JOY: The Journal of Yoga
April 2004, Volume 3, Number 4

The Magical Voice of The Scriptures – 2 Timothy 1:7
John C. Kimbrough

Too many of us, have throughout or at times in our lives suffered from anxiety and all of the attendant thoughts and feelings that go with anxiety.

We sometimes may think that this is a condition that women predominantly suffer from and their may be some basis for such a deduction, but whoever it is, man or woman, child or adult, anxiety creates many problems.

There certainly are a number of issues and threats that women have to deal with that may make them more susceptible to anxiety.

There is the fear of being alone, or attacked, or getting older, the children leaving home, changes in the body and mind because of menopause and conflicted and confused feelings regarding sex and sexual intimacy.

Before I am accused of being someone engaged in gender bias, I would say that what I share with you is only a repetition of what many of the women that I have taught Yoga to over the years have relayed to me, not my own opinions.

Anxiety can manifest itself and lead to us feeling fear and confusion in our own home, perhaps even to other members of our household and family.

Anxiety may prevent or hinder us from having any kind of knowledge or appreciation of our individual gifts, skills and talents or it may be denying us the opportunity to explore and develop them.

Chronic anxiety and fear will also make us unmindful and unappreciative of the many fine things that we have in our life, a job, a place to live, food and clothing and the opportunities that the country and cultures that we live in for provide us for enjoyment or cultivating ourselves as human beings.

We may get so lost in our feelings of anxiety and fear, that we feel that this is the reality of life.

We may not see or perceive life as being any other way.

We may not see that we can be something else.

We lose track of what we were once were or how we can be something better.

As with all issues regarding self–esteem and our self–image, we may need to find someone to discuss these things with.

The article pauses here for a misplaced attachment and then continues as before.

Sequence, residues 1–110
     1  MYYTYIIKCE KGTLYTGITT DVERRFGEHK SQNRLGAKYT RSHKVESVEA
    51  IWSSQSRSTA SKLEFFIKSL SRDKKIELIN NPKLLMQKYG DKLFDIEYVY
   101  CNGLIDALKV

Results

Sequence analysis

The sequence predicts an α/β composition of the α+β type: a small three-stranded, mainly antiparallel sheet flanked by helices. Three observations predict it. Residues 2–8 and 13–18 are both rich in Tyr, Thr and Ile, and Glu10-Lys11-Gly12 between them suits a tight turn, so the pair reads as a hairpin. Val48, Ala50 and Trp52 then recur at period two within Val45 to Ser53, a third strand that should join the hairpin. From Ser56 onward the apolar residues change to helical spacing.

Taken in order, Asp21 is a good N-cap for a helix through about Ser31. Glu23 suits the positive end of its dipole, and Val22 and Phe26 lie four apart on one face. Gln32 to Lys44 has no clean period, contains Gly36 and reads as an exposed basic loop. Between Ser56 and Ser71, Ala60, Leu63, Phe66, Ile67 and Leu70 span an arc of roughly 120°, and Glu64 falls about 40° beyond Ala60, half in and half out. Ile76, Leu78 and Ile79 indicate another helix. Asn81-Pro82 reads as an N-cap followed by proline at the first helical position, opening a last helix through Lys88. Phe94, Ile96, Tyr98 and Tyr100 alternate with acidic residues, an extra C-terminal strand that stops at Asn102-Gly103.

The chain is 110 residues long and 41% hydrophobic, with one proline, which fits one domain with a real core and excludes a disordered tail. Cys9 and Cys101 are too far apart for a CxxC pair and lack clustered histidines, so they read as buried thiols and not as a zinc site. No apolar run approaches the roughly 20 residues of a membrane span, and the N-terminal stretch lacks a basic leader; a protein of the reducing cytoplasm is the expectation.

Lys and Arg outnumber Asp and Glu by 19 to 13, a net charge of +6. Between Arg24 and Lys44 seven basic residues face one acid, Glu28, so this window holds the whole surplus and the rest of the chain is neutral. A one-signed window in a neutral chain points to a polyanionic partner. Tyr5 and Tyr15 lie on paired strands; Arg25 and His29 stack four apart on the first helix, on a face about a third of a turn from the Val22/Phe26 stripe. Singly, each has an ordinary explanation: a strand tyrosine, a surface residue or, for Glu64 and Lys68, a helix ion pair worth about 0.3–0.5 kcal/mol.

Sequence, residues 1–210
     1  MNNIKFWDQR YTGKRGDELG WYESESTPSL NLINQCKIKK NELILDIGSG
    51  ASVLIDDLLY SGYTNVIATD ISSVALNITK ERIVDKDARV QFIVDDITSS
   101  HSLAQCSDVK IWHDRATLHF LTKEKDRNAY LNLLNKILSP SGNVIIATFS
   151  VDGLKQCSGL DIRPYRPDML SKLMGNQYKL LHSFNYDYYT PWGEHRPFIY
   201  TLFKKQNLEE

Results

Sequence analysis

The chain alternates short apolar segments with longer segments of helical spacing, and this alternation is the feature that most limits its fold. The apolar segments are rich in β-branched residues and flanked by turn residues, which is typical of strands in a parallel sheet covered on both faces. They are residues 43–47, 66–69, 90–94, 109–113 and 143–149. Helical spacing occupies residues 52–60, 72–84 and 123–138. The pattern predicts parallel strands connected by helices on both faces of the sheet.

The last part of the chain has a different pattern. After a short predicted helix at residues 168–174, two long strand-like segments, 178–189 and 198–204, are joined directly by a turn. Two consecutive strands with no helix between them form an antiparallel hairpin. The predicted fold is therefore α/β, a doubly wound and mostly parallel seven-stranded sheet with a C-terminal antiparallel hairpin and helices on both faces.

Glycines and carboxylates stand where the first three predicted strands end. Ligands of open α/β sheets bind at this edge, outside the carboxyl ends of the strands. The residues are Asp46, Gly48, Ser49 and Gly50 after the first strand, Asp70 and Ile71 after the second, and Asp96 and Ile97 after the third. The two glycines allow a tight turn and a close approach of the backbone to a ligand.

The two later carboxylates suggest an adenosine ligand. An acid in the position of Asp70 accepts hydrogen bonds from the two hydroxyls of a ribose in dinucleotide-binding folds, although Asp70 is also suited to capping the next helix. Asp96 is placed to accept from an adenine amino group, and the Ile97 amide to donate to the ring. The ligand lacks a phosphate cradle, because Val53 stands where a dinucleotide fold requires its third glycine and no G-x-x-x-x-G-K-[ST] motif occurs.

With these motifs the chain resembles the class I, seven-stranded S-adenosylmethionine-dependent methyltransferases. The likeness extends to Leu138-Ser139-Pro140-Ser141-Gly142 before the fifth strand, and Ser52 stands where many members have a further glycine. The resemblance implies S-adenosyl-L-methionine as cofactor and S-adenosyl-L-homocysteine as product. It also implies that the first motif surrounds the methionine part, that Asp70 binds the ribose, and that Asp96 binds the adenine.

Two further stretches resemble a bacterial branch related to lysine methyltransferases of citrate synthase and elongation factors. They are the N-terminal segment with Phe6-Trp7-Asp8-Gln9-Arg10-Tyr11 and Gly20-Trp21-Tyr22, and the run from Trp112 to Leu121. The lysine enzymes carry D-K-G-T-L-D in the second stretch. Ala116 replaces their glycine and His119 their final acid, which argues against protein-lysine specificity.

Sometimes the best person is a therapist, as those in our environment may not be understanding or supportive of our condition and our need to get over it.

They may not be able to see the debilitating effects of our condition.

They may for some reason want to keep us in such a condition, knowing that when we are in this dark and ignorant state, we are more dependent on them or they can manipulate or use us as they wish.

They may not be able to help us get to a better place because they also have a number of issues and hindrances that are darkening their lives, consciousness and energy.

Yoga and Buddhism and the various mental and physical disciplines that make them up have been found to be effective in lessening tendencies to anxiety and fear in those who have learned and practiced them.

In fact, one would go so far as to say that if one was sincere and diligent with their practice, not expecting too much, seeing the small changes that are happening and not giving up too quickly or abandoning their study and practice of these disciplines, all who practice them would have positive results.

This scripture can, if we see it with balance and clarity, remind us of what we can be, and perhaps inspire some to make the effort, whatever it may entail.

“For God did not give us a spirit of cowardice but rather of power and love and self–control” – 2 Timothy 1

John teaches Yoga, Buddhism and English and lives in Bangkok, Thailand. He can be reached at [email protected]

Copyright © 2004 JOY: The Journal of Yoga